When President Joe Biden announced a comprehensive strategy to combat gun violence last year, the administration identified the flow of firearms used to commit crime as the root cause. To reduce such crime, the strategy would implement a zero tolerance policy for “willful” violations by FFLs in an attempt to hold “rogue firearm dealers” accountable and keep guns out of the wrong hands.
As identified by both the administration and the ATF, one of the most egregious willful violations is transferring a firearm into the wrong hands, often referred to as a prohibited person.
Under the Gun Control Act, the following categories of individuals, with exceptions, may not ship, transport, receive, or possess firearms or ammunition as prohibited persons:
Persons who have been convicted of a felony in any federal, including a general court-martial, state or local court, or any other crime, punishable by imprisonment exceeding one (1) year.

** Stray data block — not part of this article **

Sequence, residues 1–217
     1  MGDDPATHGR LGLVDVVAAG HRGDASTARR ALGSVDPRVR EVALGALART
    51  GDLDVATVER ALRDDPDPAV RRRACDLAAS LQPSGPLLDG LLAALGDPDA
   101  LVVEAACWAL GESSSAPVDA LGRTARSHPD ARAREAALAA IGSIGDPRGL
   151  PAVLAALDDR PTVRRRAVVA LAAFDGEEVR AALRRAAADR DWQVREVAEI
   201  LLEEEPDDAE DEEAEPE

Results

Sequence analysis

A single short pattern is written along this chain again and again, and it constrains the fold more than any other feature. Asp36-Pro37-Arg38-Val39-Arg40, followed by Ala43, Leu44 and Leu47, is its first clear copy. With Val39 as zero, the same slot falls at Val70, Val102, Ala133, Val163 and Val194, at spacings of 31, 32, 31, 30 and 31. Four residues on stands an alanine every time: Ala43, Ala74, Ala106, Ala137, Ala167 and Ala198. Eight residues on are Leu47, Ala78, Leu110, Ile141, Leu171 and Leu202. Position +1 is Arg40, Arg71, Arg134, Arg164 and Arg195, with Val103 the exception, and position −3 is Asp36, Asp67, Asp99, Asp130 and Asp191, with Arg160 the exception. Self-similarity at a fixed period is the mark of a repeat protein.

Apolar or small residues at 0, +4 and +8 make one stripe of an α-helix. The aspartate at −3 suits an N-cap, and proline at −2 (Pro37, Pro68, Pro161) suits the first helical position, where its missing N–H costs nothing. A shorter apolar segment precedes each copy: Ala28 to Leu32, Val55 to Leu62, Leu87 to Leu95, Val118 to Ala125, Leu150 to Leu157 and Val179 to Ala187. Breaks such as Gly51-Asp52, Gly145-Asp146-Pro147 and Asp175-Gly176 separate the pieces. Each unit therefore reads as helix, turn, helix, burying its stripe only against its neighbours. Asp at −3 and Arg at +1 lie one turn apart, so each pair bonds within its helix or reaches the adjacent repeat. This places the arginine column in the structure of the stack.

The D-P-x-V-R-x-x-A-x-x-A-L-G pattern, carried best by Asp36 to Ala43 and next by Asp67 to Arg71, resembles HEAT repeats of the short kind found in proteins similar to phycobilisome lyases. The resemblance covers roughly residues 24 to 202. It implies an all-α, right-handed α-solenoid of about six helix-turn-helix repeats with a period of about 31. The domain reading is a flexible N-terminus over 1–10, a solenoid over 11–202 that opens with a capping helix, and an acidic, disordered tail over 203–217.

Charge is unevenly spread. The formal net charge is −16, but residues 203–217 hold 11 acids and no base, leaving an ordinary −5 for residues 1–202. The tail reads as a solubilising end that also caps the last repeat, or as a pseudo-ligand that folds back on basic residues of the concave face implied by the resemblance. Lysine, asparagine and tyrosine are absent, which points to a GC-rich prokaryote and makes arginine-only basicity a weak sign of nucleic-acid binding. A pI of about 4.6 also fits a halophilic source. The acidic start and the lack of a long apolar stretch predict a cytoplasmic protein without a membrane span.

- Those under indictment for a crime punishable by imprisonment exceeding one (1) year may continue to lawfully possess firearms and ammunition obtained prior to the indictment until the conviction becomes final.
- Those convicted of any federal or state offense pertaining to antitrust violations, unfair trade practices, restraints of trade, or other similar offenses relating to the regulation of business practices
- Those convicted of a state misdemeanor punishable by imprisonment of two (2) years or less.
- Those following conviction of a felony or other crime for which the judge could have imprisoned the person for more than one (1) year who have (a) received a pardon, an expungement or set aside of the conviction, or have lost and regained civil rights in the jurisdiction in which the conviction occurred and (b) the law of the convicting jurisdiction does not prohibit the person from receiving or possessing firearms.
Fugitives from Justice
Persons who have fled from any state to avoid prosecution for a felony or misdemeanor, or have left the state to avoid giving testimony in any criminal proceeding. Also includes persons with pending misdemeanor or felony charges who have left the state of prosecution.
Users of Controlled Substances
Persons who are unlawful users of or addicted to marijuana or any depressant, stimulant or narcotic drug, or any other controlled substance.